MASSENA — Several guests reflected on the past and looked forward to the future as they spoke during the St. Lawrence Seaway’s 60th anniversary celebration this week at Eisenhower Lock.
The guests included U.S. Secretary of Transportation Elaine L. Chao; U.S. Rep. Elise M. Stefanik, R-Schuylerville; Chief Edward Roundpoint from the Mohawk Council of Akwesasne; Terence Bowles, president and chief executive officer of the St. Lawrence Seaway Management Corporation; and William D. Friedman, chairman of the board of the American Association of Port Authorities and president and chief executive officer of the Cleveland-Cuyahoga County Port Authority.
Also speaking were John D. Baker; general organizer of the International Longshoremen’s Association; Allister Paterson, chair of the Chamber of Marine Commerce and chief commercial officer for the Canada Steamship Lines Group; and Marc-Yves Bertin, director general of marine policy for Transport Canada.
“We are honored to have so many friends and colleagues here from Massena, and from Canada and the United States,” said Craig Middlebrook, deputy administrator for the St. Lawrence Seaway Development Corporation, and master of ceremonies for the event.
“We are always looking forward, but we are proud today to take a moment and step back and acknowledge that for the last 60 years, the St. Lawrence Seaway has lived up to its promise as a vital connection between the heartland of North America and the rest of the world,” he said.
Secretary Chao, who had previously served as secretary of labor, acknowledged “the workers and employees at the St. Lawrence Seaway who work so hard every single day and night to make this facility operate as smoothly as it does.”
She noted that the Seaway system consists of six canals and 15 locks that handle ocean-going vessels traveling to and from markets worldwide.
“Ships from more than 50 different countries transit the Seaway every year, generating $35 million of economic activity and 238,000 jobs in Canada and the United States,” she said.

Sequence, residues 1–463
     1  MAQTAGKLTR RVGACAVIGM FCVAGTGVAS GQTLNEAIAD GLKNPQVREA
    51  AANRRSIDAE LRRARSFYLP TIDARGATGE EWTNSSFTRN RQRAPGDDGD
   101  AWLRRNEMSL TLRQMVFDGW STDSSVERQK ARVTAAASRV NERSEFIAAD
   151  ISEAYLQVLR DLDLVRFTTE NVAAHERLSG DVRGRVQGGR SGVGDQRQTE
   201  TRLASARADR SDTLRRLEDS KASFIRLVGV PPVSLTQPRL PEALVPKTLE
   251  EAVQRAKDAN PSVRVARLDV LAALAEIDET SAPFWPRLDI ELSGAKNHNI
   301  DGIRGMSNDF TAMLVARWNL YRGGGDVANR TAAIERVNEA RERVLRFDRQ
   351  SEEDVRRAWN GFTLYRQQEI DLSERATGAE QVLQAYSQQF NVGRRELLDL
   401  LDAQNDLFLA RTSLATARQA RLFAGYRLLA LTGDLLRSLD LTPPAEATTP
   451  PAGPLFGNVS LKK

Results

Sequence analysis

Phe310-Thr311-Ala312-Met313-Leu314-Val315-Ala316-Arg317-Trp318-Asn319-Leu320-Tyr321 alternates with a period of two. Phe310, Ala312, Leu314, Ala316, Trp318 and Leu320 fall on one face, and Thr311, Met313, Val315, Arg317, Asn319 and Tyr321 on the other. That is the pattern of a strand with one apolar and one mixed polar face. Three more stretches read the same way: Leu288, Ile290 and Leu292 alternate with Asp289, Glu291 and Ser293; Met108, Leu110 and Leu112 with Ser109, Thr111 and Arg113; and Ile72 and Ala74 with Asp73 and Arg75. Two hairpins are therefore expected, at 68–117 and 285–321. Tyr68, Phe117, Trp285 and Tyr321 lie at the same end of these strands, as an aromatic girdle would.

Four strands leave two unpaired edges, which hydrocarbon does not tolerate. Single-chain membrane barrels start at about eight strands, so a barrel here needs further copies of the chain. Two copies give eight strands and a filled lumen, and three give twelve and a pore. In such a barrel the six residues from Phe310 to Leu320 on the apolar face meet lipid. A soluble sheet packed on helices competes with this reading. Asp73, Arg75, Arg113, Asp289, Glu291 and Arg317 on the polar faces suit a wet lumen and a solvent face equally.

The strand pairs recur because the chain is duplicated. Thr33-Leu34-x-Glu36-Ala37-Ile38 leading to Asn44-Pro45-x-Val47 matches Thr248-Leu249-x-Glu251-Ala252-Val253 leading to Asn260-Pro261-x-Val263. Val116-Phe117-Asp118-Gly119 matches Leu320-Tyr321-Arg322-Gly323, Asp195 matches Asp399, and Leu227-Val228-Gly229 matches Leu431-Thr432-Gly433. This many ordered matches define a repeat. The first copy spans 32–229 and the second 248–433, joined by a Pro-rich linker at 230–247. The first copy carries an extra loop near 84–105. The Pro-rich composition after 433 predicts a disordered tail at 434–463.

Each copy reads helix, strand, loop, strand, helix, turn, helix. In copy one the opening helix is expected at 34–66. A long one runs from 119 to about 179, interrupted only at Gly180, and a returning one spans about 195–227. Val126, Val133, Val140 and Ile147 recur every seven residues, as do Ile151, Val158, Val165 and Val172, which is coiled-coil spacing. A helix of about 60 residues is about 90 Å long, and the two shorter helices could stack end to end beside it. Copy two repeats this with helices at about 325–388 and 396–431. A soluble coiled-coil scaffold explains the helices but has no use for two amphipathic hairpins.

Secretary Chao said the 2018 shipping season was one of the best in more than a decade, and said a new trade agreement being negotiated between the United States, Canada and Mexico “is a much needed overhaul to the 25-year-old North American Free Trade Agreement. The U.S., Mexico and Canada agreement does more than any prior agreement to eliminate non-tariff barriers and unfair subsidies that work against America’s farmers, workers and employees.”
She said each ship transiting the Seaway carries as much cargo at 963 tractor-trailer trucks “and does so with seven times the fuel efficiency. This saves $3.6 billion every year and reduces highway congestion and pollution.”
Secretary Chao said the Seaway provides another environmental benefit.
“Canada and the United States have established coordinated ship inspections involving the Department of Transportation, Transport Canada, the United States Coast Guard and the Canadian Seaway. This is the most stringent water ballast management system in the world, and I’m really happy to report that the last 10 years, no new cases of invasive species have been introduced in ballast waters. This is a major accomplishment, and we want to keep it that way, don’t we?” she said.
Looking to the future, she said infrastructure needed to be addressed “because the infrastructure is so vital to our country’s productivity, competitiveness and also quality of life.”
“The St. Lawrence Seaway is a key component in the geography of North America and upstate New York,” Ms. Stefanik said.
She said the Seaway was ”one of the most significant engineering feats of the 20th century,” beginning with its official opening ceremony attended by Queen Elizabeth II and President Dwight D. Eisenhower in 1959.
Ms. Stefanik said it was “the gateway to the heartland of America,” an economic engine for trade and commerce, and was an important part of communities like Massena.
“Our community depends on the St. Lawrence Seaway for countless jobs, millions of dollars and continual economic development for the region,” she said. “It is important not only to celebrate, but also reflect on the profound impact the St. Lawrence Seaway has had on the development of the north country in the last 60 years.”
“The Seaway is one of the world’s great engineering marvels,” Mr. Friedman said.
Like Massena, the economic impact of the Seaway was important in Cleveland.
“Our port is a vital part of our community,” he said as a ship passed through the Eisenhower Lock.
“We are incredibly fortunate to have this 2,300-mile marine highway that goes between our two countries and connects hundreds of cities around the world, into the cities in Canada and the United States. Having the ability to move cargo on water like this is the gold standard when you go to Europe. We’re sort of the envy of every landlocked country because as they try to fight congestion and pollution, the way they do it is by moving goods on the water. It really works. Let’s keep it going; let’s get another 60 years,” Mr. Paterson said.
The bi-national waterway was officially opened in 1959 by Queen Elizabeth II and President Eisenhower. It has been proclaimed as one of the 10 most outstanding engineering achievements of the past 100 years. Since its inception, nearly 3 billion tons of cargo, valued at over $450 billion, have been transported via the Seaway. Maritime commerce on the Great Lakes St. Lawrence Seaway System supports more than 237,000 U.S. and Canadian jobs and generates $35 billion in economic activity annually.
The Great Lakes Seaway System encompasses the St. Lawrence River and the five Great Lakes, and stretches more than 2,300 miles from the Gulf of St. Lawrence to Lake Superior.